I should, I suppose, explain that, at the time of writing, we’re on a brief stop-over in Sydney prior to a cruise around New Zealand (which is the primary purpose of this holiday).  Hence the visit to Manly, because everyone has said we should visit there even if we do nothing else.  Although one large Australian gentleman, with quite a few beers under his belt, made a very strong case for the Royal Australian Agricultural Show, which we declined.

Coming back to the pervasiveness of humour, there’s the adverts.  In Sydney, there’s an anti-litter campaign ongoing at the moment.  All over the city, there are huge posters saying ‘DON’T BE A TOSSER!’ and, in slightly smaller letters, ‘put it in the bin’.  Brilliant!  But can you imagine getting away with anything like that in the U.K.?

Or there are the road signs, which are probably not intended to be humorous, but get there anyway.  At a particularly complex and busy junction in Sydney (and, I’m sure, elsewhere), involving multiple lanes winding around a city-centre block, there’s a point where four lanes emerge from a blind bend.  There’s no entry to these lanes for oncoming traffic, but this might not be immediately obvious if you were unused to the traffic flows in the city, and were perplexed by the junction.  About 20 yards down from the junction, along those four lanes and facing the oncoming traffic, there is a large red sign with white lettering which says ‘WRONG WAY – GO BACK’.  No diagrammatic sign or translation into other languages, just this stark warning in English.  And if you can’t read English? “Well, you’d better learn pretty sharpish, eh mate?” you can imagine would be the response.

It’s the same robust attitude that informs the small print of a meal offer at a restaurant on the waterfront at Darling Harbour, which read ‘This offer is not available on Bank Holidays, or any other day when we can’t be bothered’.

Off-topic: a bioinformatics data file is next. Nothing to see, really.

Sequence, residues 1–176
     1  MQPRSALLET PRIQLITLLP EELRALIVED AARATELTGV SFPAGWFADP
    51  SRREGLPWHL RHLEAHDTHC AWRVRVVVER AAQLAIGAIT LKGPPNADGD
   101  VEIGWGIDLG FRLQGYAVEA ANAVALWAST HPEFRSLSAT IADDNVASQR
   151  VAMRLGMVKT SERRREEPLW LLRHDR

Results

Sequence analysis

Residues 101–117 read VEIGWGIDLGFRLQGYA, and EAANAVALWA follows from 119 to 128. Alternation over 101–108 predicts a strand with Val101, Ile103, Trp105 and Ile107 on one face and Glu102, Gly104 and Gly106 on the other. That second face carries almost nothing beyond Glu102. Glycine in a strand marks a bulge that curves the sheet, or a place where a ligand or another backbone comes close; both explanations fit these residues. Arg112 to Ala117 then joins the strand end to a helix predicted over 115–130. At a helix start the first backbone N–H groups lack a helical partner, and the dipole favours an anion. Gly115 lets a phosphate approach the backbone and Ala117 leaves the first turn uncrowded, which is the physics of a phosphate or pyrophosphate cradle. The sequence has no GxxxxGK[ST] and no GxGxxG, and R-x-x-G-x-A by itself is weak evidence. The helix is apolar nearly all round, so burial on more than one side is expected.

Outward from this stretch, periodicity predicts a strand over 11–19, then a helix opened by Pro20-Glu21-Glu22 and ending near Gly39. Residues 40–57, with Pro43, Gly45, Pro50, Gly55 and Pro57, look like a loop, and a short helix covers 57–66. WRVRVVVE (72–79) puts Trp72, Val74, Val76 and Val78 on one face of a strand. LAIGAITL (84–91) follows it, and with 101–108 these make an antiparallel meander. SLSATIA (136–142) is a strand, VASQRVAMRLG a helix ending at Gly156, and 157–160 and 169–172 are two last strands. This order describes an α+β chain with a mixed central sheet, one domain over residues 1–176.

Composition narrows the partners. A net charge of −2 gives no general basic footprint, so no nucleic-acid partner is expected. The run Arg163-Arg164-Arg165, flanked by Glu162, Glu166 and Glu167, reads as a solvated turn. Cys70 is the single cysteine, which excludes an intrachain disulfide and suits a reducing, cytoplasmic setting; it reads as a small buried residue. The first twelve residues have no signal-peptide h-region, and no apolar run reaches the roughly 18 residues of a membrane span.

Of course, sometimes the joke seems to be on the weary traveller.  For example, Australians seem to have a somewhat ambivalent attitude to drinking alcohol.  They seem quite keen on it, but in a sort of slightly guilt-ridden way.  On Good Friday, I nipped down to the bar in our hotel for a quick pint (well, a ‘schooner’ actually, whatever that is.  Whether you get a pint, or not, seems to be in the lap of the gods here).  There were a number of people in the bar but I was surprised to find the door was locked.  I tried it a number of times, thinking I had made a mistake, at which point the bar tender came over and unlocked it, saying he could let me in for a last drink if I liked.  Another chap joined me (also English, recently arrived from Blighty and like all fellow-born Englishmen, pathetically grateful to be served anything by anybody).  When this other chap asked about the early closure, the bar tender explained that they were not allowed to serve alcohol after midnight on Good Friday.  We were now rather perplexed as the time was 22.05, so he went on to say that he needed the extra time to clear the place and do his paperwork!  I asked if I could buy another beer to take up to my room (a pretty standard practice in most hotels) but was told that I couldn’t because it would have meant walking through the Reception area with it, which was an alcohol-free zone.  Honestly, you couldn’t make it up.  I thought the local populace might at least kick up a fuss about being ejected from a hotel bar at 22.10, but no, they all filed out meekly, as did I.  Mind you, on our first night, they had shut off all of the draught beer pumps at 21.30, for no apparent reason, and that didn’t elicit a word of protest either.

It’s a funny old place, Australia.

Now try the second instalment of the saga - 'Time Flies (But Not In Economy)'

If you've enjoyed this, you might well enjoy Philip's 'nostalgedy' series of books which contain numerous pieces in much the same vein.  Links can be found to the right of this page.